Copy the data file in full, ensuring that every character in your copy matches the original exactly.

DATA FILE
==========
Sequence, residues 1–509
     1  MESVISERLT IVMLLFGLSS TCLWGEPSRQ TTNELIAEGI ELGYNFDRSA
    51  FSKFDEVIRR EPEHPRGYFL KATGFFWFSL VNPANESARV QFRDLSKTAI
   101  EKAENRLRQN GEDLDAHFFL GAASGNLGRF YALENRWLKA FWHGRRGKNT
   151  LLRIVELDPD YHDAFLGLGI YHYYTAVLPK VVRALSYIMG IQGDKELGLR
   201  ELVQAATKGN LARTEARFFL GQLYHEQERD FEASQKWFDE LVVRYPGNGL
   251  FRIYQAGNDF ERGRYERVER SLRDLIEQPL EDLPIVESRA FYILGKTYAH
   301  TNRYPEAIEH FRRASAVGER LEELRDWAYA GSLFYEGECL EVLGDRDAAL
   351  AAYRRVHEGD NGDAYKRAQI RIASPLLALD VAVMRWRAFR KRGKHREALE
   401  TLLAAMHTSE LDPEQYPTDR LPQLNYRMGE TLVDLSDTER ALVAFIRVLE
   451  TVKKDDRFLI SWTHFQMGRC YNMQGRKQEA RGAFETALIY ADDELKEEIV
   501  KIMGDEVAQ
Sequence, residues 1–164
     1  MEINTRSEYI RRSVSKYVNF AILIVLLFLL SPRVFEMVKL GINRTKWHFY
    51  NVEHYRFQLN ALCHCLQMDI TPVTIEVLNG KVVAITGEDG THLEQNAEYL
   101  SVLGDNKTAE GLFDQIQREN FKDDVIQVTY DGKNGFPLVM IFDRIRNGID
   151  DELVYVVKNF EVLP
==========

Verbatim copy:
Sequence, residues 1–509
     1  MESVISERLT IVMLLFGLSS TCLWGEPSRQ TTNELIAEGI ELGYNFDRSA
    51  FSKFDEVIRR EPEHPRGYFL KATGFFWFSL VNPANESARV QFRDLSKTAI
   101  EKAENRLRQN GEDLDAHFFL GAASGNLGRF YALENRWLKA FWHGRRGKNT
   151  LLRIVELDPD YHDAFLGLGI YHYYTAVLPK VVRALSYIMG IQGDKELGLR
   201  ELVQAATKGN LARTEARFFL GQLYHEQERD FEASQKWFDE LVVRYPGNGL
   251  FRIYQAGNDF ERGRYERVER SLRDLIEQPL EDLPIVESRA FYILGKTYAH
   301  TNRYPEAIEH FRRASAVGER LEELRDWAYA GSLFYEGECL EVLGDRDAAL
   351  AAYRRVHEGD NGDAYKRAQI RIASPLLALD VAVMRWRAFR KRGKHREALE
   401  TLLAAMHTSE LDPEQYPTDR LPQLNYRMGE TLVDLSDTER ALVAFIRVLE
   451  TVKKDDRFLI SWTHFQMGRC YNMQGRKQEA RGAFETALIY ADDELKEEIV
   501  KIMGDEVAQ
Sequence, residues 1–164
     1  MEINTRSEYI RRSVSKYVNF AILIVLLFLL SPRVFEMVKL GINRTKWHFY
    51  NVEHYRFQLN ALCHCLQMDI TPVTIEVLNG KVVAITGEDG THLEQNAEYL
   101  SVLGDNKTAE GLFDQIQREN FKDDVIQVTY DGKNGFPLVM IFDRIRNGID
   151  DELVYVVKNF EVLP